Not recommended by the current maintainer of Protractor:
Protractor and Karma should not be used together; instead they provide separate systems for running tests. Protractor and Karma cover different aspects of testing - Karma is intended mostly for unit tests, while Protractor should be used for end to end testing.
Protractor is built on top of WebDriverJS, which uses a Selenium/WebDriver server to provision browsers and drive test execution. Examples of pure WebDriverJS can be found here: http://code.google.com/p/selenium/wiki/WebDriverJs
Georgios - I think it makes sense to keep Protractor and Karma separate - for end to end tests, you want the native event driving and flexibility of webdriver, while for unit tests you want fast execution and autowatching of files.
UPDATE. Here is a simple package I've created to add minimal Karma setup to any project with one single command
npm install min-karma.
I'd like to clarify some possible misconceptions about Karma and Protractor. Karma FAQ actually does refer to Adapter for Angular's Scenario Runner, which, however, seems to be abandoned, with Protractor being recommended instead.
These can be all your source files, some of them, some of them plus some additional files or files irrelevant to your project, only providing some extra configuration - you name it! You can have multiple karma config files for different purposes, which you can run in parallel or one-by-one. Each karma process launches its own set of browsers (these are currently available).
This feature of Karma to run only a set of files is what makes it perfect for fast tests running in background upon each source file edit, and get immediate feedback, which is brilliant! The only negative is the "noisy" error reporting that will hopefully improve!
Karma is not only for unit tests
Unit test is for a single unit of your source code. In Angular's case a typical unit is Angular Component (
Service, Factory, Provider, Controller, Filter, Directive etc). Remember to keep your
Controllers thin, so too many unit tests for latters is a red flag.
In a unit test, every other units of code, on which this unit depends (so-called unit's dependencies) should not be tested at the same time. Instead they should be "mocked", e.g. replaced by something simple like dummy instances. Angular provides great mock environment support. Ideally you want to see all those mocks directly inside your tests, so you never need to wonder where all those dependencies come from.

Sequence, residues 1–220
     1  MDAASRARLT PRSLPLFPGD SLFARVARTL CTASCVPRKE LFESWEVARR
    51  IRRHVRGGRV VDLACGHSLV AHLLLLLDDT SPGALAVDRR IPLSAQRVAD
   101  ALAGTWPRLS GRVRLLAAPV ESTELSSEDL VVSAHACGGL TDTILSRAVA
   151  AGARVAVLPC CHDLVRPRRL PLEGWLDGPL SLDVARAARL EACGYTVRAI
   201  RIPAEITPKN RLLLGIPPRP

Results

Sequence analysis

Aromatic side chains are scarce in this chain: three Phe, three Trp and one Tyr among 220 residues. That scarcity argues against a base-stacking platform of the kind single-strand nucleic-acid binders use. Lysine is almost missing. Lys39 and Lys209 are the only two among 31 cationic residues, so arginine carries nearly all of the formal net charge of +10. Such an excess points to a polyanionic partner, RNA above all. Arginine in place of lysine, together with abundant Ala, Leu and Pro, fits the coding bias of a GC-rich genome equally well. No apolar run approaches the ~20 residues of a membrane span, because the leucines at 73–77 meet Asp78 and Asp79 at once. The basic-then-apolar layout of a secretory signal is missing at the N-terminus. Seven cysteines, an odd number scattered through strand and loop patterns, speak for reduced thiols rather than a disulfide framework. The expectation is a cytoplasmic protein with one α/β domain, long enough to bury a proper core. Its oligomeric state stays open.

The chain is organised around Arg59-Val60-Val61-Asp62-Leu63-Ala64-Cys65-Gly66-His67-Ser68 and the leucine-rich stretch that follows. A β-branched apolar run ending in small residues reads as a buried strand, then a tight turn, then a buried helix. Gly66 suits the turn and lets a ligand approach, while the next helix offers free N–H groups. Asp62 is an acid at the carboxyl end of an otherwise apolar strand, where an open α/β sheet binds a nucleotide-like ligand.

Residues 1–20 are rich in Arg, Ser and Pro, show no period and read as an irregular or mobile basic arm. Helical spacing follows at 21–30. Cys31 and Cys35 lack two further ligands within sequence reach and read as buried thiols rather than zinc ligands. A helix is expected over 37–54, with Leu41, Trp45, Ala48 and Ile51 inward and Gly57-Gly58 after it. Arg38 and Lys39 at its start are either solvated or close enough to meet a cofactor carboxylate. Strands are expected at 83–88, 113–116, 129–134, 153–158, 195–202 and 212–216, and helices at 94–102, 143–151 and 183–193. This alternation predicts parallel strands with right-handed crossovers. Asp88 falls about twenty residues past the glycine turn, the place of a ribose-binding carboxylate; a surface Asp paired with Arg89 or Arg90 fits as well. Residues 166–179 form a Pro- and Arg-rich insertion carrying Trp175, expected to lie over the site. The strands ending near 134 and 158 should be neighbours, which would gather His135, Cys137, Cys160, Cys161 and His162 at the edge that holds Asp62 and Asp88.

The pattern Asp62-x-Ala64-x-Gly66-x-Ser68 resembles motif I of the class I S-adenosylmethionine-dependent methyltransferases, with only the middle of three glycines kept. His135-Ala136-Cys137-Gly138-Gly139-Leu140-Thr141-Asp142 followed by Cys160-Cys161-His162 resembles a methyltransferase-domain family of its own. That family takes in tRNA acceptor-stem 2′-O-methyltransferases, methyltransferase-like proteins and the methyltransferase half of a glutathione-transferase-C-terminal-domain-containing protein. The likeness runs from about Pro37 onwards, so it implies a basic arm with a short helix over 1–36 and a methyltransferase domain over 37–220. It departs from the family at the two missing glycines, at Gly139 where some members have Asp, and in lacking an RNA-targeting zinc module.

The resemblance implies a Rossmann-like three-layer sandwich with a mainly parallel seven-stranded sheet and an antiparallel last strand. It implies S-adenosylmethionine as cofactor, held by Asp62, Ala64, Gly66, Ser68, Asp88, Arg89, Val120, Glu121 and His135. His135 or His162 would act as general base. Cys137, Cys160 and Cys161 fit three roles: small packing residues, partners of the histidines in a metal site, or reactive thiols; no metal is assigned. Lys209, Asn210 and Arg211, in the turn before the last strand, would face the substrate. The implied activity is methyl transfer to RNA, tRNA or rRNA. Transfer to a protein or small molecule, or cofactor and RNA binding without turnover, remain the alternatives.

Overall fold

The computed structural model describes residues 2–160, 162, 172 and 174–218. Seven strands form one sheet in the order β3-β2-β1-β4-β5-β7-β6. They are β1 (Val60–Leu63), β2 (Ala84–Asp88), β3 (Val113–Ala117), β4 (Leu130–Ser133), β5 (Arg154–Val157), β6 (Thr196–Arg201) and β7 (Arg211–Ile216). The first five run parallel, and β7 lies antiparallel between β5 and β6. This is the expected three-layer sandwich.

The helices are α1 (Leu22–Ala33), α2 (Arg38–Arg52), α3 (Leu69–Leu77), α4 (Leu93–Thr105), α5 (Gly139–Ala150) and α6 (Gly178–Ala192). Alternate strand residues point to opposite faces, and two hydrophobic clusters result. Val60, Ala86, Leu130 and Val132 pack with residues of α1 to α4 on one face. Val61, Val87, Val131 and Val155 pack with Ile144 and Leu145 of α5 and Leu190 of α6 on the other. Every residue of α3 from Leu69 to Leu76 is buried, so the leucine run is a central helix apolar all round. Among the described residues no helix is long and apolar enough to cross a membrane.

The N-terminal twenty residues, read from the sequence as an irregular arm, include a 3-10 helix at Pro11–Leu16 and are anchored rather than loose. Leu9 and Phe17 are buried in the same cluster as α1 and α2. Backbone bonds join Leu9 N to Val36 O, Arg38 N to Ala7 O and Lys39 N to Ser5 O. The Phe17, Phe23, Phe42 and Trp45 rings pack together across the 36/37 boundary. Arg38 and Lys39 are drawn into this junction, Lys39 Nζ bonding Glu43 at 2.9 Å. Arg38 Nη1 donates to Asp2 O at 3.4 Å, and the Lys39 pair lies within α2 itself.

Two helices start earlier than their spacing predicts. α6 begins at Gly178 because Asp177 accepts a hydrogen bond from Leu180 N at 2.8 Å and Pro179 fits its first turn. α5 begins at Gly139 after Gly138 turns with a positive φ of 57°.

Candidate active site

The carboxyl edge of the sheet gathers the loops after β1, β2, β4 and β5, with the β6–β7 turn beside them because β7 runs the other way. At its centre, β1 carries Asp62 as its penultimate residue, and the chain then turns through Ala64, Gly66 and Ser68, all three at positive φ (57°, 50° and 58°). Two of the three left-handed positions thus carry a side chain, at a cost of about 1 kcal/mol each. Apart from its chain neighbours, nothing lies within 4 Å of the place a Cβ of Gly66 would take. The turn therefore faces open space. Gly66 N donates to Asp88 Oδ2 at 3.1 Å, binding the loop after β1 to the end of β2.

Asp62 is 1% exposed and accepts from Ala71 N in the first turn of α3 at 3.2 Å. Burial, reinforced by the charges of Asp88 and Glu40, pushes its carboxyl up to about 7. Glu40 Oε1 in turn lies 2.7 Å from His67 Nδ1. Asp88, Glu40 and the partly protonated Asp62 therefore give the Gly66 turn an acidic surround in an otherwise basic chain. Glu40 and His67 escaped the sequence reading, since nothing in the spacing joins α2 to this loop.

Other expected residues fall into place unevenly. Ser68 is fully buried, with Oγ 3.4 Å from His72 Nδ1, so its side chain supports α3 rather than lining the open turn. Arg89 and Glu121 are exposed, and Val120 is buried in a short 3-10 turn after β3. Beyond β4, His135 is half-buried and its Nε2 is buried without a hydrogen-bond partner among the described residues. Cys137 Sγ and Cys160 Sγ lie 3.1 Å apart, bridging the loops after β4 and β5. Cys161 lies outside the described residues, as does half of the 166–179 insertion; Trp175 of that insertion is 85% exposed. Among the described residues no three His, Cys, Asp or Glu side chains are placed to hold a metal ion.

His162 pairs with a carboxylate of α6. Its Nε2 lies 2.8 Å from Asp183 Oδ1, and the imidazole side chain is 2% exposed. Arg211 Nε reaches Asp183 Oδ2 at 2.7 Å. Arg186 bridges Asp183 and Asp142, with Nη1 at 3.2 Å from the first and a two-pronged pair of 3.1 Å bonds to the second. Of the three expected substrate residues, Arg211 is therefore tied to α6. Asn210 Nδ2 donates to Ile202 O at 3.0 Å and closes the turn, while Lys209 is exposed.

Karma is just as useful for Integration Tests, where a group of source code units is tested together, with only some of their dependencies being mocked. It is important to remember that any dependency is by default provided from your source code modules (as long as those modules either injected directly in your tests, or they are dependencies of other modules injected (in which case you don't need to inject them, but no harm to do so). The mocked dependencies will override the provided ones.
Running Fast and Frequent is the main feature of Karma. This means you want to avoid any server requests, any database queries, anything that can take longer than fractions of seconds. (Otherwise it will NOT be fast!) Those long processes are ones you want to mock. This also explains why it is a bad practice to put raw low level services like
$http directly inside your controllers or any complicated business logic units. By wrapping those low level outside communication services into smaller dedicated services, you make it much easier to "mock them away".
What Karma does not do is running your site as it is, which is what End-to-End (E2E) testing is. In principle, you could use Angular's internal methods to recreate the site or its pieces. Which, for small pieces, can be useful, and a fast way e.g. to test directives.
It is, however, not recommended way to throw complicated code inside your tests. The more you do it, the more chance is that you make errors in that code instead of what you are actually testing.
That is why I personally dislike the often mentioned complicated way of testing methods using low level methods like
$http. It works cleaner to isolate any reference to low level methods into dedicated methods of your own, whose single responsibility is to make http requests. These dedicated methods should be able to work with real backend, not a fake one! Which you can easily test - manually or even perfectly fine with Karma running with another special config, as long as you don't mix that config with the one usually used to run Karma regular and fast.
Now, having your dedicated small services tested, you can safely and easily mock them to test your other logic and put these tests into your regular Karma setup.
an end-to-end test framework for AngularJS applications. Protractor runs tests against your application running in a real browser, interacting with it as a user would.
So Protractor does exactly what Karma doesn't - run your real final application. This reveals its both power and limitations:
Running complete application is the only reliable final test that your application works as expected. You can write up complete user story scenarios and put them into your tests!
Now would I want to run Protractor with Karma? I surely can run them in separate terminal windows, in parallel. I could, in principle, have them share test files if I need to, but normally I'd rather not. Why? Because I want to keep my tests small with single dedicated purpose.
The only exception would be a file defining testing macros useful for both runners. This, however, would not be a test file but a macro definition file.
Other than that, I like a clear separation between my tests. Those to be run frequently and fast, and those for the complete app. That makes a clear separation between when using Karma and when Protractor.